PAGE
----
I just finished reading The Year of Living Danishly: Uncovering the Secrets of the World’s Happiest Country by Helen Russell. Helen grew up in England and immigrated with her husband to Denmark for his job with Lego. She doesn’t explain exactly what his job is, but if you don’t know, Denmark is the home of the Lego company. Denmark was apparently also the happiest country in the world at the time of her publishing this book in 2015. I couldn’t find out how many years Denmark was crowned the happiest country in the world, but it was for at least five years from 2013 to 2017. However, now in 2023, the happiest country is Finland; Finland has won this title for six years in a row! In 2023, Denmark is the second happiest country in the world, and the United States is ranked number 15!
Russell is a journalist in England, and when they move to Denmark, she becomes a freelance writer who writes this memoir in addition to her other assignments. She decided to research why Denmark, her new home, was named the happiest country of the world. I found her book to be very well written, well researched, and quite entertaining.
Each chapter explains a different aspect of why Denmark was considered the happiest country in the world. She discusses the health care system, education system, as well as the work life balance of Danes, all while consuming copious amounts of Danishes (pastries — she’s not a cannibal!).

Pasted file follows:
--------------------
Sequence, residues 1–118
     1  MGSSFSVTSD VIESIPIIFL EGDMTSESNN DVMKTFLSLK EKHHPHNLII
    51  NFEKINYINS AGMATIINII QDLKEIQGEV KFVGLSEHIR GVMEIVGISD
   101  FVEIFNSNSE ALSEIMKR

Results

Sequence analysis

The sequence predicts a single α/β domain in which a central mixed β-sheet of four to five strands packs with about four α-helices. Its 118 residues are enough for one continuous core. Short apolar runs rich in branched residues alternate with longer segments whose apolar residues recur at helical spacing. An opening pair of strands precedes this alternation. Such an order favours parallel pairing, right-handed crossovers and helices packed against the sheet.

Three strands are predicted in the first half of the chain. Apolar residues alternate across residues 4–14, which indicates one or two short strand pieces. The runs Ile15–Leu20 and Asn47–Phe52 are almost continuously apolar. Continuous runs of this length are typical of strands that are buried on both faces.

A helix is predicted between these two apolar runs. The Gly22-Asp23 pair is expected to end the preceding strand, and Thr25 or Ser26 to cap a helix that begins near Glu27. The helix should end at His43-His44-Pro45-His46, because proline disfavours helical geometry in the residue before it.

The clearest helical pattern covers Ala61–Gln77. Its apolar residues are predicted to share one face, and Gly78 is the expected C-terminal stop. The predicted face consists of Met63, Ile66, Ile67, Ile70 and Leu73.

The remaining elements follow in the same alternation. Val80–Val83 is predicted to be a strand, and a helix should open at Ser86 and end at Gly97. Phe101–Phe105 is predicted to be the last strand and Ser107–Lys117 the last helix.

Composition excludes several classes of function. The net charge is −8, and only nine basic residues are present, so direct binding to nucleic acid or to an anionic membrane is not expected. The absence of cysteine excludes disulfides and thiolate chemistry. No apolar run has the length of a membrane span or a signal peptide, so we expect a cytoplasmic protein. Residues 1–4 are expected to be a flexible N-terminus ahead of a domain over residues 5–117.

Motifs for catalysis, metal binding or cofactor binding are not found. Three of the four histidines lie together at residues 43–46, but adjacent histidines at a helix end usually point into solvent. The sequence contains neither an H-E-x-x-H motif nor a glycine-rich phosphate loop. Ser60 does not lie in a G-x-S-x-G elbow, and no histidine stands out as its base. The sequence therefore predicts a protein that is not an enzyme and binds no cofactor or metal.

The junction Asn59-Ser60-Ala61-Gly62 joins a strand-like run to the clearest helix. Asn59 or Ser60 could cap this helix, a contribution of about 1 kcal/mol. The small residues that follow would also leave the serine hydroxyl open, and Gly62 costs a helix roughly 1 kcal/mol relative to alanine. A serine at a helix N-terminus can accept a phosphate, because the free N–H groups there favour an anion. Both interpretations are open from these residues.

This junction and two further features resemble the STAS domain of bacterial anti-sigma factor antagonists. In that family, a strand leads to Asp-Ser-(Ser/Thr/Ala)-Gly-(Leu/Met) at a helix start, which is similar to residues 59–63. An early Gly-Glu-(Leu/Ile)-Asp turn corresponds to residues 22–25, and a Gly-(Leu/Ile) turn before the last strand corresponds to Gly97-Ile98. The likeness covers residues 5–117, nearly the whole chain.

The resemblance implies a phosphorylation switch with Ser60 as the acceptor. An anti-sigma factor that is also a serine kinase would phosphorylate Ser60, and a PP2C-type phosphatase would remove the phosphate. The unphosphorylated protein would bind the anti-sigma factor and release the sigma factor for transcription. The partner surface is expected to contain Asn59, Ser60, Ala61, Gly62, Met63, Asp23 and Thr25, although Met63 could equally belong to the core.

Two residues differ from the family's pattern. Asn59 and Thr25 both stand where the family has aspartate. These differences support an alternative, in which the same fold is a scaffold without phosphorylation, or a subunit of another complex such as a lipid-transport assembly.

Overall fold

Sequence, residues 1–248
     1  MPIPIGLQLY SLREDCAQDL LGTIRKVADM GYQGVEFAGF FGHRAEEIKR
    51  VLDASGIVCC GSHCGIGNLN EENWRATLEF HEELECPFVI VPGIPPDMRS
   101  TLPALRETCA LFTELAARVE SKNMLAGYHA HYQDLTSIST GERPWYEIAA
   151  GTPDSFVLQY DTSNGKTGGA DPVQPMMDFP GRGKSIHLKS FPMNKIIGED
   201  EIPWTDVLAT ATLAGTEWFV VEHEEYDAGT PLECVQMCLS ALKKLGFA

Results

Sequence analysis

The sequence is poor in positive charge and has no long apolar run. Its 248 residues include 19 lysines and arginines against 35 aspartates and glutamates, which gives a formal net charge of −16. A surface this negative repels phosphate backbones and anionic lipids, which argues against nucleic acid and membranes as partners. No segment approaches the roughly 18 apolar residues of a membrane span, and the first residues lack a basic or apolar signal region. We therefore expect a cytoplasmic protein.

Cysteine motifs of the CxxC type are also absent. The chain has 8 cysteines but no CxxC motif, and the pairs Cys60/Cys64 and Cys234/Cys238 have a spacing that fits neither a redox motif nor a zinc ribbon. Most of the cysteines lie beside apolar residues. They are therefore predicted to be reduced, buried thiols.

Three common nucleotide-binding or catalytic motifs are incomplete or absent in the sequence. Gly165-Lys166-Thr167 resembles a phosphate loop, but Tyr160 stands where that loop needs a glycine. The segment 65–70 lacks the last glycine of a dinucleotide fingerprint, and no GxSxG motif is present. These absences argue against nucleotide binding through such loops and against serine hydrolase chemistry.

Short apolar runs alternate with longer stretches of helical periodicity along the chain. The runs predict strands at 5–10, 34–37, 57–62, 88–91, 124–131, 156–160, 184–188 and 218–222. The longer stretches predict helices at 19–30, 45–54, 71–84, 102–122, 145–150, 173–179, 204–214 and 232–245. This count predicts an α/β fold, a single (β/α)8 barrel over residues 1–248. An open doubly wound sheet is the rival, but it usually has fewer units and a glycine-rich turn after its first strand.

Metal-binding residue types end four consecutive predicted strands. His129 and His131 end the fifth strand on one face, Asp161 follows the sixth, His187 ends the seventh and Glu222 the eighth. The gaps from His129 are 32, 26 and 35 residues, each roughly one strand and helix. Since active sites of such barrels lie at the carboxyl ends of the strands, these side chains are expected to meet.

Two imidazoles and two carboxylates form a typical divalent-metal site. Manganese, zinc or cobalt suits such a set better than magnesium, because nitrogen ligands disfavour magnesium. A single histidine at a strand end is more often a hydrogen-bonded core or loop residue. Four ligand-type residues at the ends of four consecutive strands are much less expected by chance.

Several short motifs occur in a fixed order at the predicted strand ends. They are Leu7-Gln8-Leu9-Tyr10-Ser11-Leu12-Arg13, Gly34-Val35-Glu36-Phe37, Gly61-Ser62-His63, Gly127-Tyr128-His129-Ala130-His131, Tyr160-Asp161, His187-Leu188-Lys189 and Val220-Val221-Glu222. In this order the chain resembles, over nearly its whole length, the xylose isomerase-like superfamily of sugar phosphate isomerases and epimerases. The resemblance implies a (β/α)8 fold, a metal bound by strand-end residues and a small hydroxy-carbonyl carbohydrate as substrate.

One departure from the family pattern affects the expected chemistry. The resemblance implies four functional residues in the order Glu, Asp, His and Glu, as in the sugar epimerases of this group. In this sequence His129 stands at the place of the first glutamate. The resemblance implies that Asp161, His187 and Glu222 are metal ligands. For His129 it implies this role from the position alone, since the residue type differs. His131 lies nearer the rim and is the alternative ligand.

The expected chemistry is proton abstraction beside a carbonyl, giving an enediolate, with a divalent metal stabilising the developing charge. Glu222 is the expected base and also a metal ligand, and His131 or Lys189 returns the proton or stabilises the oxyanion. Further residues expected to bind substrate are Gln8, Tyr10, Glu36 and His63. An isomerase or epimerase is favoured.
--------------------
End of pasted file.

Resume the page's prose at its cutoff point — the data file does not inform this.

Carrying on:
Apparently, Danes on average work less than 40 hours a week! They take their work life balance seriously. Also, they provide ample time off for new mothers and fathers. Russell also attempts to explain what hygge is. It seems like a mystical feeling of warmth that can be brought about through the simple pleasures in life such as candles, coffee, and taking baths.
Denmark provides free Danish language courses to its immigrants, which I thought was impressive! Most Danes speak English though, so the Russell’s were able to get by, but they still took advantage of the free lessons.
One disappointing aspect of Denmark is the cold brutal winters with very little sunlight and abundant snowfall. I would not want to live in a country where the winters last for months!
After reading this book, I want to go visit Denmark and check it out for myself! I really enjoyed learning more about the country as well as her experience as an immigrant. She added an extra chapter in 2020 that reviewed what had happened in her life since publishing the book in 2015. As of 2023, she is still living in Denmark! Between 2015 and 2020, she reviews the dismal politics that happened, as well as Denmark’s response to the global pandemic. Denmark handled the pandemic well, but unfortunately, the political side of the country turned to xenophobia. Thankfully, the country is turning itself around.
I highly recommend you read this book to learn more about contributes to happiness in a society, as well as to learn more about the small European country of Denmark.